If you are still afraid, imagine your tombstone: “Here lies one who was not here, one who did not show up!”  That is something to really fear; compared to this, our daily fears are trivial [italics mine].

~James Hollis

Courage and the Future

In an important sense, we humans are always locked in struggle with our fear, as the greatest barrier between us and our individual destinies.  As Roosevelt so eloquently stated, like the humans in every place and time, we must fear the fear that could keep us from full and authentic life.

A key goal of depth psychotherapy is empowering the individual to move through fear, to live life as an authentic expression of who she or he most fundamentally is.

I wish you the happiest of Holiday seasons and the blessings of an authentic and courageous New Year!

Brian Collinson, Registered Psychotherapist & Jungian Psychoanalyst

PHOTOS: Attribution John Eisenschenk (Creative Commons Licence) ;  Sarah (Creative Commons Licence)
© 2017 Brian Collinson, 2238 Constance Drive Oakville, Ontario (near Mississauga)

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Caring for Aging Parents During the Holiday Season

December 11th, 2017 · caring for aging parents

Caring for aging parents is a matter of deep concern, stress and anxiety to many people; those concerns are often intensified at the Holidays.

caring for aging parents

Are you a caregiver for aging parents?  It’s a complex task, that can often seem lonely and thankless.  Because of the emphasis on family at the Holidays, and everyone’s heightened expectations, the task of caring for aging parents can feel even heavier at this time of year.

Not a “How To” Article

This isn’t a “how-to” article about looking after aging parents.  It focuses on individual caregivers, and how they might best take care of themselves emotionally.  How can adult children respond to aging parents? Is there a way to offer care to aging parents, while still “hanging onto ourselves”, our own needs and life goals?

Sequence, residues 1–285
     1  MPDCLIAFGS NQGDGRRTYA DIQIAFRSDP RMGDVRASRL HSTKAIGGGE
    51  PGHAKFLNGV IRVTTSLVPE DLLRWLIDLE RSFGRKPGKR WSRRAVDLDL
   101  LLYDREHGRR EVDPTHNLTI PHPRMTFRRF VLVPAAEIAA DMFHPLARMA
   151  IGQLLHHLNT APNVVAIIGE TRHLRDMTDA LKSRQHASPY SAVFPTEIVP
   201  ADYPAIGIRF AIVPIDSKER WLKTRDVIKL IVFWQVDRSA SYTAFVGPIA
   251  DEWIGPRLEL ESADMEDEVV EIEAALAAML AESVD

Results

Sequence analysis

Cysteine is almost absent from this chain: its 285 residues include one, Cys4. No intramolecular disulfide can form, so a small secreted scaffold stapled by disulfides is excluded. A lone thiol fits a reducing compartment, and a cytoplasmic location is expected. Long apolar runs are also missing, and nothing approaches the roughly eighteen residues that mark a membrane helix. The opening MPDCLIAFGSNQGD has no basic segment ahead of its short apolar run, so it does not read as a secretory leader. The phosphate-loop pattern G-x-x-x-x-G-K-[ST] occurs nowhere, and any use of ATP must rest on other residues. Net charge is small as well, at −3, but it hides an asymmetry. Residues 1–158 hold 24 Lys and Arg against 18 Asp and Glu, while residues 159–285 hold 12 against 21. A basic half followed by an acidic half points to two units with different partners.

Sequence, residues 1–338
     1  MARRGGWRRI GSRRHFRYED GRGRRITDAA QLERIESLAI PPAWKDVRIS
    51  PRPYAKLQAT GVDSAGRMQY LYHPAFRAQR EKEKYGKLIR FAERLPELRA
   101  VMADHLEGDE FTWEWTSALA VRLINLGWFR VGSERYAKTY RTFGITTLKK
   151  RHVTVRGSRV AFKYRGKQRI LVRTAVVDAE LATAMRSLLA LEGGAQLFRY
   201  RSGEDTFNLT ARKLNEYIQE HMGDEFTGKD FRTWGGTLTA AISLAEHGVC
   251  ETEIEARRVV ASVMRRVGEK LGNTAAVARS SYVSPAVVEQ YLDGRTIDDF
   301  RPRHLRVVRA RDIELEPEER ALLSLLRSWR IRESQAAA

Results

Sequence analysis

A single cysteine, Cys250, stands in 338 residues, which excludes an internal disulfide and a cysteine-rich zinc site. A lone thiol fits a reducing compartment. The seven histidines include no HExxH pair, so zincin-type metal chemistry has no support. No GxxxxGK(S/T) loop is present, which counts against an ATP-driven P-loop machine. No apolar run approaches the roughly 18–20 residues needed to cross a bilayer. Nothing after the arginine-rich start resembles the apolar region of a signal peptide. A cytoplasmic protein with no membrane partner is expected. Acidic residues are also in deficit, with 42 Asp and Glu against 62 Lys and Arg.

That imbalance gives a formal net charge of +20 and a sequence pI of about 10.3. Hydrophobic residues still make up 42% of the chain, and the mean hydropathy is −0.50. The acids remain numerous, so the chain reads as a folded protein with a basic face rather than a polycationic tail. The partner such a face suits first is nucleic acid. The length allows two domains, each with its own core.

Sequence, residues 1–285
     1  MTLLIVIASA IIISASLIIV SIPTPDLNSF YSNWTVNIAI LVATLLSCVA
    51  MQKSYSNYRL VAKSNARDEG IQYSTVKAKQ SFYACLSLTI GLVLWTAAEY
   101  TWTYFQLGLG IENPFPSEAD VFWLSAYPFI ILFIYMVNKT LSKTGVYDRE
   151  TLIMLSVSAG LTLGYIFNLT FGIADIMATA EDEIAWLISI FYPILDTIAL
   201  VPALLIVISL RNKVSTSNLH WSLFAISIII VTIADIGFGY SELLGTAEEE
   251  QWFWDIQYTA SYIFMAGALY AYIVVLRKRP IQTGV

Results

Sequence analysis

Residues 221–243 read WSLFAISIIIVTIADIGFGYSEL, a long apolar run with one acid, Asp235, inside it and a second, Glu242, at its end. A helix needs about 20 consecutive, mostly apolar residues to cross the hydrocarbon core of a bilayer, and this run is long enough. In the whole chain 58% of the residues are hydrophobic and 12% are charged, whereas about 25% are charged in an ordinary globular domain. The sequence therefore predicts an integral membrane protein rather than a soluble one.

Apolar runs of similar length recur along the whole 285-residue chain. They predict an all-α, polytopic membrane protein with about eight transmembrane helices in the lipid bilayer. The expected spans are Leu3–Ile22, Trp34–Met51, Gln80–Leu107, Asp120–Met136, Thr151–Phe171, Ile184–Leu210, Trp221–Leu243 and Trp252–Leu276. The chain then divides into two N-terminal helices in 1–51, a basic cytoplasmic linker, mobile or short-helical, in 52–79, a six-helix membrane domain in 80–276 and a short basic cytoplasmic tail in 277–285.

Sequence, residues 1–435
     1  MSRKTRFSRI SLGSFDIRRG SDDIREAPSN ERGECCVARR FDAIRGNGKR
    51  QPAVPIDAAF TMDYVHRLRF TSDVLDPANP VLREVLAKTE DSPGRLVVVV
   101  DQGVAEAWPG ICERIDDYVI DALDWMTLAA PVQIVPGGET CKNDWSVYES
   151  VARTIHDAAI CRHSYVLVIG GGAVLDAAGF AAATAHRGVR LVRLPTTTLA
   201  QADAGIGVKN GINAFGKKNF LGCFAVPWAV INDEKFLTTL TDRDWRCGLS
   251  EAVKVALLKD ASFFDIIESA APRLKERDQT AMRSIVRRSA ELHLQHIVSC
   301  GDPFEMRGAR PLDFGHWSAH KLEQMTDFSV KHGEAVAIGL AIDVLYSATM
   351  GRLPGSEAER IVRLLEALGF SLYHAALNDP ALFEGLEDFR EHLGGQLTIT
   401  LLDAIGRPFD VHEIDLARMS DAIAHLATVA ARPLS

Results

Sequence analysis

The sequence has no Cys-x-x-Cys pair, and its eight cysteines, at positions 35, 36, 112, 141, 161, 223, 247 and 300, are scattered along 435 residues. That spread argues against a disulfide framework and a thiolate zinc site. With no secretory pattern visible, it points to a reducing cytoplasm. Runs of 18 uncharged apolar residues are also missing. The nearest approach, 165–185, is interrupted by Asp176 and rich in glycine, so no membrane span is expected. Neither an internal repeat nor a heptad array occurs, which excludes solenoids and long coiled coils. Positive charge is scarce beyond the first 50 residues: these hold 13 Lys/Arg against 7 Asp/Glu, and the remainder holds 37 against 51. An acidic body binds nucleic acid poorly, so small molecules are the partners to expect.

Caring for Aging Parents: Unprecedented Demands on Their Children

Aging parents are living longer, and imposing formidable demands on children.   Parents have increased lifespan, but also increased levels of disability, illness and cognitive impairment.  Adult children can feel overwhelmed by such situations, when simultaneously helping their own children to “launch”, and dealing with issues of midlife transition and the second half of life.


A common response to all these demands is guilt.  This takes several forms, as Prof. Satow of Brooklyn College reminds us.

We can feel guilty for not doing what we “should” for parents.  Often this means not doing what someone else thinks we should for a parent.

Or we can have what Satow calls separation guilt.  This is guilt caused by physical separation, as a result of moving or living away from parents.

Another source of guilt stems from parental envy.  The child is younger, perhaps in better health, and perhaps more affluent or less encumbered. The parent may wish it was otherwise, and the child may experience that as a source of guilt.

Even more significant is guilt resulting from ambivalent feelings toward the parent.  This can stem from a parent who never connected with us, or from experiences of wholesale abuse and neglect.  You might think that this affects a relatively small number of people.  The experience of depth psychotherapists suggests otherwise.

A final issue that must be taken seriously is the case where we might feel guilty around parents, as a result of a sense of having violated our own moral values around treatment of parents.  This is very significant when it occurs, but as we can see, a whole range of other kinds of guilt can masquerade as this one!

You Cannot Save an Aging Parent from Aging

Aging and the decline and breakdown of the body are inevitable parts of the human experience.  We might wonder whether our difficulty with accepting the aging of the parent doesn’t sometimes originate in our own difficulty accepting aging in ourselves.

All human life is an aging process culminating in death.  We have to accept the reality of the human condition, and simultaneously the need to become ourselves and make meaning in our lives.  This is a task that our parents face, and it’s the task that we ourselves face.

The Necessary Courage to Follow Your Own Path

From the perspective of Jungian depth psychotherapy, we must balance the obligation to parents with the real and genuine call of the self.  We need to have the courage to follow our own path, not losing sight of ourselves, and of the necessity to live out who we really are, as we face the challenges of caring for aging parents.

caring for aging parents

Finding the Center of Your Own Labyrinth

Identifying Your Authentic Role

Care of parents and connection with them must be balanced with our sense of vocation and authentic life.  Often, it involves a process of a balancing of doing the “decent” thing with the call of the individual’s own life to be lived and the demands of being who we were intended to be in our lives.  Sorting through these demands is not an easy task, and may require us to face our own guilt, fear and anger.